Counting Losses, Halliburton Sees Better Times in H2

Counting Losses, Halliburton Sees Better Times in H2Counting Losses, Halliburton Sees Better Times in H2

Halliburton Co., weighed down by the drilling slump in North America, sees the market turning around in the second half of the year.

The world’s largest provider of hydraulic-fracturing services reported a loss of $3.21 billion, or $3.73 a share, compared with net income of $54 million, or 6 cents, a year earlier, according to a statement Wednesday, Bloomberg reported.

Excluding certain items, the loss was 14 cents a share, better than the 19-cent average loss of 38 analysts’ estimates compiled by Bloomberg. Sales in North America, its largest regional unit, dropped 43% compared to a year earlier.

"We believe the North America market has turned," chief executive officer Dave Lesar said in the statement. "We expect to see a modest uptick in rig count during the second half of the year."

Halliburton, which generates nearly half its sales from the US and Canada, reported a North American operating loss of 8.2%, more than triple its first quarter drop. The company was expected to report as much as a 5% operating loss, according to Andrew Cosgrove, an analyst at Bloomberg Intelligence.

"I don’t think many people had high expectations for the second quarter, given that even in the quarter the rig count was still dropping," Rob Desai, an analyst at Edward Jones in St. Louis who rates the shares a buy and owns none, said in a phone interview. "The outlook was the most important thing."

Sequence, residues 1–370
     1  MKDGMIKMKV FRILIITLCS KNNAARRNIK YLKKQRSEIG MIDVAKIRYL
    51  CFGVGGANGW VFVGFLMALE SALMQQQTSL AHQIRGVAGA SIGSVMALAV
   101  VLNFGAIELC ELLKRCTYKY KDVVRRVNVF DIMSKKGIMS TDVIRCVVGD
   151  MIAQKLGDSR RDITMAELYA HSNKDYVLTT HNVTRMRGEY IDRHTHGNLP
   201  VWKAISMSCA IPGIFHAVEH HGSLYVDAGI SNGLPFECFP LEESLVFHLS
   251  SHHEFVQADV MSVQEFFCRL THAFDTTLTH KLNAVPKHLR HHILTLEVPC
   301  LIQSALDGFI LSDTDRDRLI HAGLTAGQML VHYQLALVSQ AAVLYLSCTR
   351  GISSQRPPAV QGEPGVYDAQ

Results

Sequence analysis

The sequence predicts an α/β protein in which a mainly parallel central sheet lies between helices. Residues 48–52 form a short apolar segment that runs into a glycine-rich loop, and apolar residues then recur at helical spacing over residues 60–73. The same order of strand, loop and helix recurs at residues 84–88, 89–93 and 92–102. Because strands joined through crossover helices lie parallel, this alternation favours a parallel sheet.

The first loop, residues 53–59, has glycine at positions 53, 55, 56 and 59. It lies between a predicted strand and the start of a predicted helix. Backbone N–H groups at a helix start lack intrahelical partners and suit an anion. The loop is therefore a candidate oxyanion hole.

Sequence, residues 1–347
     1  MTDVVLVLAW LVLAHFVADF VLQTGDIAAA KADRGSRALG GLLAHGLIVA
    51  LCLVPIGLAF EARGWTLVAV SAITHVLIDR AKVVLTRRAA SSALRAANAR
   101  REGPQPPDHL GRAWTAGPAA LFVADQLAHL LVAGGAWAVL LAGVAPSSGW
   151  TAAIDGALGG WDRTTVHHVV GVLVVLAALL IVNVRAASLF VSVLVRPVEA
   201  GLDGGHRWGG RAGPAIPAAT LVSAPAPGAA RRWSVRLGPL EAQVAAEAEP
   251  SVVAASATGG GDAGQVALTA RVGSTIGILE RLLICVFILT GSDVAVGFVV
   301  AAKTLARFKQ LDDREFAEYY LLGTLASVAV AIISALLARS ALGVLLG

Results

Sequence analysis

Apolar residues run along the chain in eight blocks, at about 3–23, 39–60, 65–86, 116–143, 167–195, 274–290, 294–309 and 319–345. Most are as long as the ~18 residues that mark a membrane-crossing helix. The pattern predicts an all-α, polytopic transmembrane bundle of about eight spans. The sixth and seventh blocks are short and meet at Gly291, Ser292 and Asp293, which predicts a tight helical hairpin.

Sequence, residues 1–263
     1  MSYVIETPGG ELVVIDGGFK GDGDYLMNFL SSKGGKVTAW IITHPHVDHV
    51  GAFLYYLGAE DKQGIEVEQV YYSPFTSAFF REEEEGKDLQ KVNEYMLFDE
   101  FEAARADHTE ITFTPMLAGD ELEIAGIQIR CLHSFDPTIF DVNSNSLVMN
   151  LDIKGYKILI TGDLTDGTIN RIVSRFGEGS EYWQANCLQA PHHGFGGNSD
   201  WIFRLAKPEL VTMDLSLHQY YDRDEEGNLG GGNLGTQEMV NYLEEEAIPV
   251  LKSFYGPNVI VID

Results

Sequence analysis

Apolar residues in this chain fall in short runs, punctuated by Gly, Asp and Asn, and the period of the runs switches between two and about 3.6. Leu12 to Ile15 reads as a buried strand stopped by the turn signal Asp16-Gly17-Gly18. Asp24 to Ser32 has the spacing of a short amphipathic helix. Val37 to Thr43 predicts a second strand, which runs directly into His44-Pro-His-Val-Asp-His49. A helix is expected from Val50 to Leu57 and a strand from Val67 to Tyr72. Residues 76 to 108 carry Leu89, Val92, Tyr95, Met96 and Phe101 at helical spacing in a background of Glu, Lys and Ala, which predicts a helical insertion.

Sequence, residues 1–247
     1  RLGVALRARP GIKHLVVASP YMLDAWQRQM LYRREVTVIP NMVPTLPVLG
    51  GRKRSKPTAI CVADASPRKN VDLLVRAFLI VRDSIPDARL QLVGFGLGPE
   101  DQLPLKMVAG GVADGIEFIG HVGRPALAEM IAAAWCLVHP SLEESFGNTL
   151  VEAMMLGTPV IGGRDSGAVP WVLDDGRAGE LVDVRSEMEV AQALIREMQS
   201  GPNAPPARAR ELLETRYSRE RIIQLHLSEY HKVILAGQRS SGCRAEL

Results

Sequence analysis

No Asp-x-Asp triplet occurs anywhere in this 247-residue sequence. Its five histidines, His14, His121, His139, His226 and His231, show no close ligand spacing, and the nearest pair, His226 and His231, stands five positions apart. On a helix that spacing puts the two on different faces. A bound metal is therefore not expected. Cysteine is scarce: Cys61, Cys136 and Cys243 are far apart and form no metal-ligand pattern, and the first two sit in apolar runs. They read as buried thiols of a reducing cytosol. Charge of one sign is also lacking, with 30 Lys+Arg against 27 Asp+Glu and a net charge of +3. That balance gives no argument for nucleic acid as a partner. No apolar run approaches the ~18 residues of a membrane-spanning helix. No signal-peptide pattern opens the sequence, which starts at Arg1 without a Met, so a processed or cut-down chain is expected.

In May, Halliburton called off a $28 billion merger with Baker Hughes Inc. after facing stiff resistance from regulators in the US and Europe over antitrust concerns. The company paid Baker Hughes a $3.5 billion breakup fee during the second quarter.

Chief financial officer Mark McCollum said at an investor conference last month that the company has a "need to really hit the brakes" in Venezuela because it is not getting paid for the work being done there.

The company said in May the amount it was owed in the country rose 7.4% in the first quarter to $756 million.

"With oil prices down over the last couple of years, it’s been a little bloody, particularly in the oilfield services and drilling sector," said Doug Edman, director of investments at Brandes Investment Partners. "It’s still a very tough environment."